Monarch caterpillar at Conway Hills

This was very heartening to all of us, given how scarce monarch butterflies were last summer and the overall concern about the future of this stunning butterfly.

Have you noticed more monarchs this year?

Let us know in the comments!

Pick an August Facebook Favorite

Each month, as part of our Photo Contest, we select 5 images from the previous month’s entries for you to pick as your favorite on Facebook. All you need to do is click an image and “like” it. Not on Facebook? Tell us your favorite in the comments below.

Have a great shot of your own? The deadline to enter is September 30. Details >

© Dennis Durette

© Rachel Bellenoit

© Julie Blue

© Melena Ward

© Don Bullens

A Great, Great Nature Hero Story

Back in the late 1800s Harriet Hemenway, along with her cousin Minna Hall, made a bold decision. After learning about the cruel way birds were killed to get their feathers for fashionable hats, she decided to save the birds. To do so, Hemenway and Hall founded Mass Audubon, the first Audubon Society, and sparked the modern-day environmental movement.

Harriet Hemenway

Hemenway is Mass Audubon’s original nature hero, so you can imagine our delight to learn that her great, great granddaughter Lila recently spent a week at Wachusett Meadow’s Nature Day Camp! As a preschooler, we hope Lila follows in Harriet’s footsteps and becomes a future nature hero!

Lila, Hemenway’s great, great granddaughter.

You can read more about Hemenway and Hall here. Have a Nature Hero story to share? Tell us about it in the comments!

Humpback whale c Sherri Vanden Akker

Take 5: Wonderful Whales

Ever year, from April through October, folks head out into the open seas for a chance to see a whale or two. And fortunately for us, many have their cameras in hand.

Check out 5 fantastic shots of humpback whales from past editions of our Picture This photo contest. The 2017 contest is now in its final month, so enter your wildlife and nature photographs today!

© Sherri Vanden Akker

© James Duffy

© Maureen Duffy

© Jennifer Childs

© Victoria Bettuelli

 

© Ann Marie Lally

Take 5: Tree Swallows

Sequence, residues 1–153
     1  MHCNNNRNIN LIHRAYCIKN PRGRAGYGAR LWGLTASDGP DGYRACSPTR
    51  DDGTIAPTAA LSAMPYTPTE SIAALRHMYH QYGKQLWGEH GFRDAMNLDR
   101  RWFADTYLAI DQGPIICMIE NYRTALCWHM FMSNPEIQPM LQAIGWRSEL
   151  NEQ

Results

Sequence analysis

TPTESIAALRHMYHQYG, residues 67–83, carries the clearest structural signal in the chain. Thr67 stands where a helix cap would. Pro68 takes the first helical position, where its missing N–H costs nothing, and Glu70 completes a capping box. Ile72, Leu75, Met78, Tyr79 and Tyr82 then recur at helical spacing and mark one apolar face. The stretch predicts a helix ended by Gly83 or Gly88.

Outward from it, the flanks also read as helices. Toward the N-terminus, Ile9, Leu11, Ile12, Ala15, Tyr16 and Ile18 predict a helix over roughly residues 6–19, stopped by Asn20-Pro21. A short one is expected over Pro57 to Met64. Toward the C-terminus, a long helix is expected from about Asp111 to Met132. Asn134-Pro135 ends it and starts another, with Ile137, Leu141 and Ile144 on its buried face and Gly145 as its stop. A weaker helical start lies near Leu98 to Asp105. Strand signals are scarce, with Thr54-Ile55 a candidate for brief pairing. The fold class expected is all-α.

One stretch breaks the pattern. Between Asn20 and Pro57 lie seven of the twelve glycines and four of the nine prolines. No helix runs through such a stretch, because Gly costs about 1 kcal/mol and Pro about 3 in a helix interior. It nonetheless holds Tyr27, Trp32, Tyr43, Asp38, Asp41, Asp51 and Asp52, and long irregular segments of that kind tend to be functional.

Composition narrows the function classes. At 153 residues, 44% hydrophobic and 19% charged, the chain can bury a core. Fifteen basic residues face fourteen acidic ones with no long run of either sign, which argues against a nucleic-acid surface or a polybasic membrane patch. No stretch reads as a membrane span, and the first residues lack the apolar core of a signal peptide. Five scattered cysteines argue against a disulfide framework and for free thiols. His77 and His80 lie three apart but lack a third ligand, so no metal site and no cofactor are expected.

Aerodynamic and graceful, a tree swallow is most often seen in the sky as it gleans insects on the wing. It is about the size of a chickadee, and is an iridescent blue above and white below. Tree swallows are often seen in small flocks foraging over ponds or fields, chittering back and forth.

Here are five photos of tree swallows from past years’ photo contests. If you have a great shot of your own, we’d love to see it! Enter today at massaudubon.org/picturethis.

2013 Photo Contest Entry © Ann Marie Lally

2016 Photo Contest Entry © Myer Bornstein

2013 Photo Contest Entry © Lisa Gurney

2013 Photo Contest Entry © Michael Ross

2016 Photo Contest Entry © Michael Rossacci

What To Do This Weekend: Aug 12-13

Things to look forward to this weekend: a butterfly festival, canoe and kayak trips, a duck derby, nature walks, and more!

Butterfly Festival at Broad Meadow Brook

Cape Cod and Islands

Head to State Beach for Saturdays at Sengekontacket, a one-hour program run by a Felix Neck naturalist that explores the nature of Sengekontacket Pond on Martha’s Vineyard. (all ages)

Take an Early Morning Bird Walk at Wellfleet Bay. From pine woodlands and freshwater pond to salt marsh and beach, Goose Pond Trail’s diverse natural communities offer diverse bird sightings. (adults, registration required)

Go on a Shorebird Kayak Exploration in Barnstable to witness the beginning of the fall migration on one of the Cape’s most beautiful barrier beaches, Sandy Neck. (adults, registration required)

More on the Cape and Islands

South of Boston

The Allens Pond annual Duck Derby takes place on Saturday in South Dartmouth. After the duck race, head to the sanctuary for a festival complete with great food, music, and a silent auction. Can’t make it but still want to try and win dinner anywhere in the world? The deadline to purchase a duck online is Friday at 5 pm. (all ages)

Construct some simple homemade Bathyscopes, a viewfinder for underwater exploration, at Duxbury Beach. (all ages)

More South of Boston

Greater Boston

Join Drumlin Farm on a field trip to Plum Island in Newburyport to see Swallows and Shorebirds at Sunset. (adults and children ages 14+, registration required)

Go on a guided Nature Walk at Boston Nature Center to discover in the forests, meadows, and seasonal wetlands. Ask questions and learn about the biodiversity in an urban setting. (adults and children ages 4+, registration requested)

More in Greater Boston

North Shore